ISBN: 9781934670361Explore Water!Anita YasudaIllustrated by Brian Stone Part of the “Explore Your World” series, Yasuda takes young readers on a wild water ride. “Can you guess who I am?” she writes in the introduction. “I have been here since Earth began. I splash and spill. I drip and drop. You use me, play in me, and drink me…Can you guess who I am? Water!” This energetic book looks at where we find water, the water cycle, water and weather, water works–including waterpower–water pollution and conservation, and water in art. The writing is clear and enticing. The 25 projects have a variety of levels of difficulty. For example, the waterfall sculpture could be made by any age child, while young children building the hair hygrometer might need adult help with the logistics. The illustrations are fun. Since water is so central to the book, the illustrator chose to make a droplet into a cartoon character, with glasses and a quirky smile. Another admirable part is Yasuda’s many short sidebars including one called “Meet a Scientist.” She highlights at least five different scientists who are connected with water. Many students will enjoy this book as they learn water basics. Backmatter includes glossary, list of resources and index. 2011, Nomad Press, Ages 6 to 9, $12.95. Reviewer: Amy S. Hansen (Children’s Literature).
ISBN: 9781936313426Green IdeasAnita Yasuda Green–magic color symbol for a purer planet–pervades both design and content of the “Being Green” series intended to entice middle readers into thinking green. After a brief introduction, this slim volume presents, in ten two-page spreads, intriguing color photographs and ten unusual green ideas for solutions to environmental problems. Some of these involve advanced technology or the efforts of governments and industries. Recycling robots, for example, sound like fun (some are already in use in Japan), though readers will have to wait to see the robots at work in the U.S. Using human energy is being tested in several countries–stepping on power-generating mats or pushing a special revolving door can convert human motion into electricity. One European designer envisions flying bike lanes above a town; Masdar in Abu Dhabi will be a carbon-free city (no cars allowed) for 50,000 people. These are novel ways to reduce carbon footprints, but what can kids do now? Yasuda suggests helping create a farmers’ market in a community, practicing “precycling” (planning ahead for less waste), or celebrating and advertising Earth Day. Additional pages include a map of top green cities in the world (San Francisco is one), a spotlight on careers as an environmental engineer or scientist, and a quiz on the text. Billed as “media enhanced,” each volume has a code for the Internet, where kids can find related video clips, slide shows, web links, and activities. Text is easy to read, but contains unfamiliar words and concepts; the best enhancer is a creative teacher who can help students explore answers to the many questions raised in this series. 2011, AV2/Weigl, Ages 9 to 12, $28.55. Reviewer: Barbara L. Talcroft (Children’s Literature).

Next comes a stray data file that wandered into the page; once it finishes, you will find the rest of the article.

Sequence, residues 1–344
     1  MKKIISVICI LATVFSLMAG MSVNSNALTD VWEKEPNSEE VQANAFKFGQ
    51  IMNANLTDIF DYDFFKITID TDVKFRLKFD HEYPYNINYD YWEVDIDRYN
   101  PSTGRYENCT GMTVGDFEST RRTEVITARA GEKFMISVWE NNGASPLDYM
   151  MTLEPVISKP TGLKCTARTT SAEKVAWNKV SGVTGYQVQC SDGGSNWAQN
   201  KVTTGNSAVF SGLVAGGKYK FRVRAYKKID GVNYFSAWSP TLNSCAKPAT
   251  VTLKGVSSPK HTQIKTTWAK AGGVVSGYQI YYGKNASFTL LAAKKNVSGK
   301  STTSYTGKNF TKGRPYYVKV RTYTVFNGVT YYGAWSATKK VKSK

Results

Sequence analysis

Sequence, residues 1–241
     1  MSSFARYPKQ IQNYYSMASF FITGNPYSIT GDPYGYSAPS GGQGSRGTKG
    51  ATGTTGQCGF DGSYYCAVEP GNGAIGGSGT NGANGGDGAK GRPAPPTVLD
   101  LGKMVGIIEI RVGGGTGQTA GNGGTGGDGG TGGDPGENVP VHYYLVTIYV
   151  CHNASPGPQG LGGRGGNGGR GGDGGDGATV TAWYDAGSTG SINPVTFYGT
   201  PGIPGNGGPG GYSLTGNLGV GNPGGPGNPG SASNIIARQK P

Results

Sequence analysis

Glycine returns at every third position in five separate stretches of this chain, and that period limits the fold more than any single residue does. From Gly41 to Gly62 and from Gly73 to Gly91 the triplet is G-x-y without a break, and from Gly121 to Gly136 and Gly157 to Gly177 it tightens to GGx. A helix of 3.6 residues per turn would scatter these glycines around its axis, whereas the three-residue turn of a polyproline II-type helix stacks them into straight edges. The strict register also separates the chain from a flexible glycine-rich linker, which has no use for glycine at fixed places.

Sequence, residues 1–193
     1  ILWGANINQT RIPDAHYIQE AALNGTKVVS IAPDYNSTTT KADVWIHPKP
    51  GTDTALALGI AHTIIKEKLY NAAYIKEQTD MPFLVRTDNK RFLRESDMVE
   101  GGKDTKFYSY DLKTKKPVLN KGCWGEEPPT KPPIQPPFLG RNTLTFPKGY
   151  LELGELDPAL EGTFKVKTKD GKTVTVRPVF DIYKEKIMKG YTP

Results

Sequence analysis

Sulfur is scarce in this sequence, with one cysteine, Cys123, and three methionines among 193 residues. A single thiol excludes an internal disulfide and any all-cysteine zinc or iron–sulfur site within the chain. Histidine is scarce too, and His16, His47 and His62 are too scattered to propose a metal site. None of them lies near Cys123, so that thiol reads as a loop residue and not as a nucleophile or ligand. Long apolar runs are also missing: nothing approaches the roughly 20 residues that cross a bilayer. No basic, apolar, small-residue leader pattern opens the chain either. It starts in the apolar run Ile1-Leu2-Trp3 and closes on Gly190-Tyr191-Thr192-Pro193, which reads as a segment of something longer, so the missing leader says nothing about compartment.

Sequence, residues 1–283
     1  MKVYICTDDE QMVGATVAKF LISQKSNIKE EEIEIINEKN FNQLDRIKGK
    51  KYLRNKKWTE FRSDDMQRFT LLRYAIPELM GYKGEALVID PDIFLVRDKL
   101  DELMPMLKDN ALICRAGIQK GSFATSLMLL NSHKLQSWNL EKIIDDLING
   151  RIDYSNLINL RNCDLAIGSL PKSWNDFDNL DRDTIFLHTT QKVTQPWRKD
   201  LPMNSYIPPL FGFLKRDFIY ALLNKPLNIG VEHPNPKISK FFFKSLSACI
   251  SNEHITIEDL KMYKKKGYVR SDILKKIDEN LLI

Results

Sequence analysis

ISBN: 9781616900946Updated 8/1/12To stay up to date on new books by this author, consider subscribing to The Children’s Literature Comprehensive Database. For your free trial, click here.If you’re interested in reviewing children’s and young adult books, then send a resume and writing sample to email@example.com.Back to Top